Use of Ceftazidime-Avibactam in Infants and Children

Marcia L. Buck, PharmD, FCCP, FPPAG, BCPPS

Disclosures

Pediatr Pharm. 2019;25(5) 

In This Article

Clinical Experience

There have been only limited reports of ceftazidime-avibactam use in infants, children, and adolescents prior to the FDA approval for pediatric patients. In 2018, Tamma and colleagues at Johns Hopkins Hospital described their experience treating a 2-month-old infant with a refractory infection.[9] The patient was a previously full-term infant with a congenital diaphragmatic hernia that had been surgically repaired at 2 weeks but remained hospitalized for respiratory support. At 2 months, she developed fevers and hypotension requiring vasopressors and was started on cefepime and vancomycin empirically. Cultures grew Gram-negative rods that were subsequently speciated as Burkholderia cepacia complex (Bcc). Treatment was changed to intravenous trimethoprim-sulfamethoxazole and daily blood cultures were continued.

Ceftazidime was added on day 6 of the infection for persistent bacteremia. The ceftazidime MIC at that time was 8 mcg/mL. With continued bacteremia in spite of removing all central IV catheters, the ceftazidime was changed to a continuous infusion on day 12. Four days later, ceftazidime was replaced with extended infusion meropenem and the trimethoprim-sulfamethoxazole continued. On day 32 of positive blood cultures, treatment was changed to ceftazidime-avibactam 50 mg/kg (40 mg/kg ceftazidime and 10 mg/kg avibactam) as an extended infusion over 8 hours and given every 8 hours. Antimicrobial sensitivity testing had revealed that the Bcc was highly sensitive to ceftazidime-avibactam, with a zone of inhibition of 33 mm (with the breakpoint for susceptibility defined as > 18 mm) and an MIC of 2 mcg/mL. Within 24 hours of initiating the change in therapy, the patient had her first negative blood culture. She was treated for an additional 6 weeks without further issues and remained infection-free at 10-month follow-up. Genomic sequencing of the Bcc isolate revealed a Pen-like beta-lactamase.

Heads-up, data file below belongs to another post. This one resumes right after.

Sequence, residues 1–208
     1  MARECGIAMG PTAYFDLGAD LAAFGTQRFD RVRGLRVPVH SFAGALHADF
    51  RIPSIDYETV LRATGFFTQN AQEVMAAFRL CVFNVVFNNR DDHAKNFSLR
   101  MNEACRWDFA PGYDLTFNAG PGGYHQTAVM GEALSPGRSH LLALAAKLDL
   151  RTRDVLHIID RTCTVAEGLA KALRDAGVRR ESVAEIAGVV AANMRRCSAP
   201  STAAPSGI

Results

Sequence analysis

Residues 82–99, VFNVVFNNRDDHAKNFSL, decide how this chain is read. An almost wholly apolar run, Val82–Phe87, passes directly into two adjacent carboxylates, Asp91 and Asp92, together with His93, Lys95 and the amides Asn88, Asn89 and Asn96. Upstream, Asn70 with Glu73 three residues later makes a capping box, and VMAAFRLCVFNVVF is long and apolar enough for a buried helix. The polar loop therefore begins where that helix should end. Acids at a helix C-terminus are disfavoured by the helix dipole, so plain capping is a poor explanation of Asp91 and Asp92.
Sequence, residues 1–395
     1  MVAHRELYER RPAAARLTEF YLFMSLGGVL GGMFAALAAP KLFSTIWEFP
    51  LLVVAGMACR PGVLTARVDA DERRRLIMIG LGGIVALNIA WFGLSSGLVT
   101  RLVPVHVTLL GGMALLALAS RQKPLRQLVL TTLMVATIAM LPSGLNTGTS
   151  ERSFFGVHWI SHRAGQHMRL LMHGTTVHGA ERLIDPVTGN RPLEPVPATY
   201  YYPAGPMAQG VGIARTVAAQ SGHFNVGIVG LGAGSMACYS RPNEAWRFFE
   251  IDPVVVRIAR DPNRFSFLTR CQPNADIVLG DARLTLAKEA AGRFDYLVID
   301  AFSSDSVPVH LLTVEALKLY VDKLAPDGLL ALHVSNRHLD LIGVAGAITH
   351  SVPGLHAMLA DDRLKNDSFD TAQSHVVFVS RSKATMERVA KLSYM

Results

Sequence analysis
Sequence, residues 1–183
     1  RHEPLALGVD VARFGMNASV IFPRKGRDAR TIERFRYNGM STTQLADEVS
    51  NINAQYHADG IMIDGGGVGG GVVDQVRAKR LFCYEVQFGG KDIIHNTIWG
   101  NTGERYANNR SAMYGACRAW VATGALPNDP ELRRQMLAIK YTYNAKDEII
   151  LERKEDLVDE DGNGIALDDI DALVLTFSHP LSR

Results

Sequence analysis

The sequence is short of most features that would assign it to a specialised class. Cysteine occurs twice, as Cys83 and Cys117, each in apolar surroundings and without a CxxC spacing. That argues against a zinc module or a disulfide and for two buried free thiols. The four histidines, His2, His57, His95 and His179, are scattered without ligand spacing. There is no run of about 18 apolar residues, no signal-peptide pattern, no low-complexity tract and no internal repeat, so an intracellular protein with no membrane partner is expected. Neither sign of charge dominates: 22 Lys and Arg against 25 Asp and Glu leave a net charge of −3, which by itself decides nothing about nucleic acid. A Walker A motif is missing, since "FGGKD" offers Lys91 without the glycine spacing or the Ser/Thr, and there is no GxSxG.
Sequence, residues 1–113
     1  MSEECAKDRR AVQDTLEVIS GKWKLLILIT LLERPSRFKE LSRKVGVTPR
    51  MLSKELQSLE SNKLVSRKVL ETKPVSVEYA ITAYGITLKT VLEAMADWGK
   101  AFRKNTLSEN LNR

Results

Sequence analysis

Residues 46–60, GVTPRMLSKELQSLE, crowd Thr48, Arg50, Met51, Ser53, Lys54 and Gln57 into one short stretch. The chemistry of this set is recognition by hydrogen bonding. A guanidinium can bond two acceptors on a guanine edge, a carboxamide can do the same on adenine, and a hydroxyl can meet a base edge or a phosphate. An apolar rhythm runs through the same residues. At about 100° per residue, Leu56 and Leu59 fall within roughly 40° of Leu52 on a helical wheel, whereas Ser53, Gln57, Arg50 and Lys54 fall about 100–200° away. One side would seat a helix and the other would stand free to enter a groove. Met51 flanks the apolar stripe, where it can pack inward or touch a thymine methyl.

Earlier this year, Hobson and colleagues at the Robert Debré Hospital in Paris reported the use of ceftazidime-avibactam in a 3-year-old girl with a refractory infection following chemotherapy for a relapse of acute lymphoblastic leukemia.[10] She presented with a fever and neutropenia, and was found to be bacteremic. Her initial culture grew a K. pneumoniae strain producing CTX-M-1. She was successfully treated with imipenem, but 8 days later was found to have a multidrug-resistant NDM-1-producing strain of Morganella morganii. The MIC values were > 256 mcg/mL for ceftazidime, 3 mcg/mL for meropenem, > 32 mcg/mL for imipenem, 4 mcg/mL for aztreonam, and 0.016 mcg/mL for ceftazidime-avibactam. The patient received aztreonam 100 mg/kg/day and ceftazidime-avibactam 150 mg/kg/day for 10 days, with resolution of the infection, negative cultures, and no further signs of relapse at 6-month follow-up.